In absolutely no way did I deserve my first job in journalism, or even my first (and only) internship. I was still in college – a rising junior at the University of Central Florida, the beneficiary of one, maybe two J-school classes – when I applied for and, likely owing to a lack of competition among my more career-minded peers – landed an internship at the Weekly under the tutelage of then-news editor Ed Ericson Jr. This, despite the fact that I knew shit about writing, shit about reporting, shit about records searches or interviewing techniques, shit about the shopworn alt-weekly ethos. I could barely fucking type.
And so I showed up on day one – in a tie and khakis, an alt-weekly sin for which Ed, who favored shorts and Bermuda shirts, promptly reprimanded me – and was immediately thrown into the deep end.
Ed had this story that had been sitting on his desk about a billionaire time-share mogul named David Siegel (the same David Siegel of Queen of Versailles fame) who had (allegedly) gotten his start in that classic Florida way, the swampland scam. Ed knew it was a good story, but it needed legwork, and I was the legs. So for the next three months, I found myself poring through records in dusty government offices all over Central Florida (this is pre-digitization, mind), driving to South Florida with Ed to harangue a guy who wouldn't return our calls (I was rewarded with a bottle of rum), corresponding by snail mail with sources in Europe, meeting for hours with our unexpectedly effusive subject, and, several months after my internship ended, having Ed be gracious enough to slap my co-byline on his writing. (The story, by the way, was called "Outrageous Fortune." It won some awards.)
Around then, Ed announced that he was leaving – to Hartford, I think, or some other godforsaken snow globe of a place. And I, being just naive enough to do this, sent an email to the editor, Jeff Truesdell, asking if I could have Ed's job. I'm sure he had a good chuckle.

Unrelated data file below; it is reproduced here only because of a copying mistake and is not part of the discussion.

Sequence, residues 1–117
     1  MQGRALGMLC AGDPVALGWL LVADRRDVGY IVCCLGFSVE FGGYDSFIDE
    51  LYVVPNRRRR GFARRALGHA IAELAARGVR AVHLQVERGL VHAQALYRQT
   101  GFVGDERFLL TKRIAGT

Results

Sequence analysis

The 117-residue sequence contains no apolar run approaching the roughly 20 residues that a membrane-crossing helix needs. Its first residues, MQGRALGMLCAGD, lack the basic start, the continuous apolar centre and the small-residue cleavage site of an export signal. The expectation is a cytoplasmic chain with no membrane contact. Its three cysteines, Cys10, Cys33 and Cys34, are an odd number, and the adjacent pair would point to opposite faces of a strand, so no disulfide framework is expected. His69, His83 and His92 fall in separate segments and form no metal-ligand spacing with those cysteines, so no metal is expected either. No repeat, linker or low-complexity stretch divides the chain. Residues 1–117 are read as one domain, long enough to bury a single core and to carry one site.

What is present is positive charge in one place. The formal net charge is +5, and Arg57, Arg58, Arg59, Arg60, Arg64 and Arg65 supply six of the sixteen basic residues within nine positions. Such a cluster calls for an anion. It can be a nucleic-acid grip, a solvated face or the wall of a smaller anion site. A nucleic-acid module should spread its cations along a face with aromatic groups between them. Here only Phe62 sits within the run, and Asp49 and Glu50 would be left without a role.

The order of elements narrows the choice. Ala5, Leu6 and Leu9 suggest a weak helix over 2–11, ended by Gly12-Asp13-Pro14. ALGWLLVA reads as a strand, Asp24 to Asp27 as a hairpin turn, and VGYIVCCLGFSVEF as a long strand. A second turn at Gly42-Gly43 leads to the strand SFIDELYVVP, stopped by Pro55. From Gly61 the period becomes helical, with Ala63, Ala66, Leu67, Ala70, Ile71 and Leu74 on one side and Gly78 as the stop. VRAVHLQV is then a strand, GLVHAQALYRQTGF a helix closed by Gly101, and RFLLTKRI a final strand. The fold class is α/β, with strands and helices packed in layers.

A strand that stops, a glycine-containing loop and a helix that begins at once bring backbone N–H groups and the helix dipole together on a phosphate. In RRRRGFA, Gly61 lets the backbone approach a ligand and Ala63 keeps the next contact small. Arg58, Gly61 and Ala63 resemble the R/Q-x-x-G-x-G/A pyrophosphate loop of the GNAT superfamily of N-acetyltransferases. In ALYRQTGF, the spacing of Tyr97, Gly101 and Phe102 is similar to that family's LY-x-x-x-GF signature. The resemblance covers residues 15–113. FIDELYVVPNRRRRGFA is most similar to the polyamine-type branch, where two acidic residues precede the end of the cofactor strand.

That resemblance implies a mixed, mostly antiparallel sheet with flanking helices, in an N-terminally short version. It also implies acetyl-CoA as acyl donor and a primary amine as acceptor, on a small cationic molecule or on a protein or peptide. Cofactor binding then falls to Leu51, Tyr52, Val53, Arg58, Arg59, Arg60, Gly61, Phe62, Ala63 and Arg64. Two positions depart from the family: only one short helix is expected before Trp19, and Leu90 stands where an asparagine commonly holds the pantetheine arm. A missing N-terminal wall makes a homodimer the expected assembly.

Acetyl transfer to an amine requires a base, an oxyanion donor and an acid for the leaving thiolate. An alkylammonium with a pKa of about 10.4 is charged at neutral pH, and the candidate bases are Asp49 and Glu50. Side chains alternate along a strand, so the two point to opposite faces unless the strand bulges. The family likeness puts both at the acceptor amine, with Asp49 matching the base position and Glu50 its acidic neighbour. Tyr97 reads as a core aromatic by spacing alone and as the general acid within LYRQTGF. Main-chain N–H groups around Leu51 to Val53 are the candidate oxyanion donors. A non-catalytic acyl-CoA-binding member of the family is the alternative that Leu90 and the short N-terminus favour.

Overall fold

Jeff did hire me, though, a couple of months later, as a part-time editorial assistant, $10 an hour. Then, after I graduated, he hired me for a real job, staff writer – still only $10 an hour or thereabouts, but full-time nonetheless. And for the next seven years, that's what I did: I wrote about Orlando, about Glenda Hood and Buddy Dyer and Rich Crotty and Daisy Lynum and Ric Keller, first under Jeff and later under Bob Whitby, both of whom – like Ed – taught me far more about this profession than I could ever learn in a classroom. I learned how to develop sources and dig through court records, how to think critically and write with verve. I discovered the intrinsic power of a 5,000-word narrative about police abuse or corporate malfeasance or transportation policy or impermeably dense zoning issues. I incurred the wrath of politicians and those rat bastards at the MBI. I forged friendships that I still hold very dear, even years and a thousand miles apart.
More than anything, during my years at the Weekly I came to understand how essential an alt-weekly is to a maturing city, both in its watchdog role at City Hall and its cultural coverage. No matter where I've gone in my career – Orlando to Philly to Orlando to Jacksonville and now to Raleigh-Durham, where I edit another alt-weekly – I've found this to be true: Great cities need great alt-weeklies. I'd like to think that this publication had something to do with making Orlando as great as it is today.
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